The representation of journalism has always been a vital part of Hollywood since the early days of slapstick and screwball comedies in the 1930s. The display of journalism as a profession often depended on the stakes involved in a specific sociopolitical context. While in the 1930s and 40s, newsrooms were presented for laughs and satire, the 1950s saw the rise of ominous, manipulative characters working out of greed to get their name on the front page. Kirk Douglas embodied a crazed reporter willing to let a man die a slow death just to have a story to tell in Ace in the Hole (1951). Similarly Tony Curtis and Burt Lancaster showed the dog-eat-dog underbelly of the newspaper business in Sweet Smell of Success (1957). Twenty years later, Hollywood’s perception of journalism shifted dramatically – from broad comedy and fantasy it revealed itself to be a precious source of knowledge – and Alan J Pakula’s All the President’s Men seemed to set the record straight, reminding the world what good journalism can and should do.
The story of All the President’s Men is the story of Watergate, of Richard Nixon and his friends getting caught red-handed. It is the story of two Washington Post journalists – Bob Woodward (Robert Redford) and Carl Bernstein (Dustin Hoffman) – as well as their editor, Ben Bradlee (Jason Robards), risking everything in order to get to the bottomless pit that is truth in Nixon’s America. Nearly 50 years after its initial release, All the President’s Men remains the golden standard for movies about reporting and the intricate web of questions and procedures behind it. More recently, Spotlight and Spielberg’s The Post timidly tried to pay homage to Pakula’s film, but failed to truly understand what made the film that caught Robert Redford’s eye as a producer in the first place stand out, namely the chaos – the chaos that rules the world we live in and the impenetrable nature of it.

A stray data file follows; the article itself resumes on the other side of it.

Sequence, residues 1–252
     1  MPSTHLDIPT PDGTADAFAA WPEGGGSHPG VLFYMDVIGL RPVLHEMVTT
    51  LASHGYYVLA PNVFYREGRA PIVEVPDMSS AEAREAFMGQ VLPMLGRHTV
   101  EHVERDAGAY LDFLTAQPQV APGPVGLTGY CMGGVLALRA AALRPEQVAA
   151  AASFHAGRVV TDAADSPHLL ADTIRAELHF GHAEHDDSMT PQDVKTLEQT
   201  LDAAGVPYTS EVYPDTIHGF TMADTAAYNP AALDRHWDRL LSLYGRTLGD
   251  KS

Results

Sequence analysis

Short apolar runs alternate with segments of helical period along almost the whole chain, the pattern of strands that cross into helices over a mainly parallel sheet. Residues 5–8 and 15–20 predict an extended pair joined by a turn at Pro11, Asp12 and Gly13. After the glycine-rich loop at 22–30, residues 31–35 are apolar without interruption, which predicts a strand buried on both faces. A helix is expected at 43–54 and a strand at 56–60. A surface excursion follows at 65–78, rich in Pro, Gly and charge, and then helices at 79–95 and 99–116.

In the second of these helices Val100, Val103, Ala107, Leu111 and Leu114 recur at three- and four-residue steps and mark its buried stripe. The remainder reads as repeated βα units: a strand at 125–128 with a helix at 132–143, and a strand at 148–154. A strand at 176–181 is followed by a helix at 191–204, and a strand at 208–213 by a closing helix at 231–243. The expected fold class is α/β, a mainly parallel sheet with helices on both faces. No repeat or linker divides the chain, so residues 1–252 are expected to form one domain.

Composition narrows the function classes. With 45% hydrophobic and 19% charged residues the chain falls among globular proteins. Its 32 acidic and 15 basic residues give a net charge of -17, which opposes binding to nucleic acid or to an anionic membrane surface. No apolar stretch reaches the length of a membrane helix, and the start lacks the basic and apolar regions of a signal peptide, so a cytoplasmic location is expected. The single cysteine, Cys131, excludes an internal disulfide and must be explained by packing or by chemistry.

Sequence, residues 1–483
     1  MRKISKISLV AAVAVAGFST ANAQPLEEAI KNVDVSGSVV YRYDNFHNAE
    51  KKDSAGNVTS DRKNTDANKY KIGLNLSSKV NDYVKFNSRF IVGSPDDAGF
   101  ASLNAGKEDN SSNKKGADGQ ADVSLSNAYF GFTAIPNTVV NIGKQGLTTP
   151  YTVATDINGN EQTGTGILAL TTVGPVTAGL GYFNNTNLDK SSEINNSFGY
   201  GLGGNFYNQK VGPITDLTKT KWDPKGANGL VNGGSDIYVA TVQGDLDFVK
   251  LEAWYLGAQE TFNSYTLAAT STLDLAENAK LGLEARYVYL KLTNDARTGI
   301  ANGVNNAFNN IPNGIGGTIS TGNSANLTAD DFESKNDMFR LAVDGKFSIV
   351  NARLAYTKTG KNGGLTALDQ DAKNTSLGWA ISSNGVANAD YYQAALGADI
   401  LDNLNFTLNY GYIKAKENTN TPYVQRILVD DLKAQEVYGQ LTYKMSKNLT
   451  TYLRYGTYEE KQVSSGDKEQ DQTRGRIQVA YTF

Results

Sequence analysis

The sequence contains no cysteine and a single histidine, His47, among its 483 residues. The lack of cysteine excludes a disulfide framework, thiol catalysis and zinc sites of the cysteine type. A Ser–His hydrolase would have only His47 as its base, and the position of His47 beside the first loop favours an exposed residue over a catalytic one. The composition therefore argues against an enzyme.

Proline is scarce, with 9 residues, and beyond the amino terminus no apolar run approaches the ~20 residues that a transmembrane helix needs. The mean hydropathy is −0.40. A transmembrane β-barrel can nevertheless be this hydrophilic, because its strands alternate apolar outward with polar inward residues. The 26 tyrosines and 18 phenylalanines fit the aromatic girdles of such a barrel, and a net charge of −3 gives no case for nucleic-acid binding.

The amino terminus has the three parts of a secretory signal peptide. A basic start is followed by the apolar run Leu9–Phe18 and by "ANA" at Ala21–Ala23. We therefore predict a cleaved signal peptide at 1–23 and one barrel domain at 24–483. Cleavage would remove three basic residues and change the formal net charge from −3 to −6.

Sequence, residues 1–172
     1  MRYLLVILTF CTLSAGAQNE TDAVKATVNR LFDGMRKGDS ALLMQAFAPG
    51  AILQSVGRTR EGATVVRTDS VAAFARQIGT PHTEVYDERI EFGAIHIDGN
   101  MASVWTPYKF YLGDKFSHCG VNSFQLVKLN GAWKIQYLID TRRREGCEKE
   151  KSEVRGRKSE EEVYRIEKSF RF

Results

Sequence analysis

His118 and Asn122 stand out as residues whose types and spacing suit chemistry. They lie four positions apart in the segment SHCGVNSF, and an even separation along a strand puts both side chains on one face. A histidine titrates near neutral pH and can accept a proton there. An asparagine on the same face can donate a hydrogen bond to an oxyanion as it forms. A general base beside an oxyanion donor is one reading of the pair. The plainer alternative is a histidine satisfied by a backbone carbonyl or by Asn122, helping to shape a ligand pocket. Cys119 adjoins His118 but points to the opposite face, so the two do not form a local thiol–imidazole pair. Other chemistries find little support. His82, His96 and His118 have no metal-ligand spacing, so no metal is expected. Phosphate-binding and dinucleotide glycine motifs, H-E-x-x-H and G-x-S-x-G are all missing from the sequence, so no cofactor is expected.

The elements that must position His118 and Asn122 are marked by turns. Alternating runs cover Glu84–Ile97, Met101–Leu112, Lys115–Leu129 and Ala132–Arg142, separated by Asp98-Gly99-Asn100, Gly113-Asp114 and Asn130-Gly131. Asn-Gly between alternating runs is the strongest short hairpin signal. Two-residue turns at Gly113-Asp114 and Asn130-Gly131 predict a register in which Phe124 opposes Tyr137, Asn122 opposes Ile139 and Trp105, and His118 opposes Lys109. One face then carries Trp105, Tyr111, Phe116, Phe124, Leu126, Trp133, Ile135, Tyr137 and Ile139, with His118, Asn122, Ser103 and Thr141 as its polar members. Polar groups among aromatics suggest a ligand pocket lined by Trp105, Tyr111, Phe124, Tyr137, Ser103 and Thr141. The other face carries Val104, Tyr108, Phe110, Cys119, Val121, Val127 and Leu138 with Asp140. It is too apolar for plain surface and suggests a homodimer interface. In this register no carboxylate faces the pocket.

Pakula’s understanding of paranoia (demonstrated in his previous films including Klute and The Parallax View) and the meticulous, almost anticlimactic story of Watergate and the various mysteries linking Nixon’s attempt at spying on his opposition are a match made in heaven. The tone of the film is entirely based on the tone of those years, which were filled with uncertainty, fear and the initial symptoms of conspiracy and mistrust which have now completely overwhelmed our lives through the use of social media almost fifty years later.
It is not quite cinéma vérité, nor is it classical filmmaking. It is something truly unique on a technical and storytelling level. As we meet Bob Woodward and Carl Bernstein – played by two of the most recognizable and successful actors at the time – we are absolutely convinced that what we are seeing is the truth. The absolute, honest truth about men seeking truth in the their own right for the benefit of a nation.
Pakula stages scenes in the simplest of ways: he gives us a sense of the hustle and bustle of newsrooms, of men with sweaty shirts and coffee stains, of women running around answering phone calls and telling strangers off as they work on a story. Bob Woodward and Carl Bernstein are not folk heroes – which is ironic given the status they’ve grown into over the years and the presence they developed all over the media – they are tired, cocky and quite frankly not the smartest guys on the block. They’re workaholics. They live for the story, the intrigue. But, underneath their hunger for “the big story” lies a sense of decency which the people they’re busy investigating lack. It is that very basic difference – that simple human tick – that we recognize in both characters, allowing us to root for them.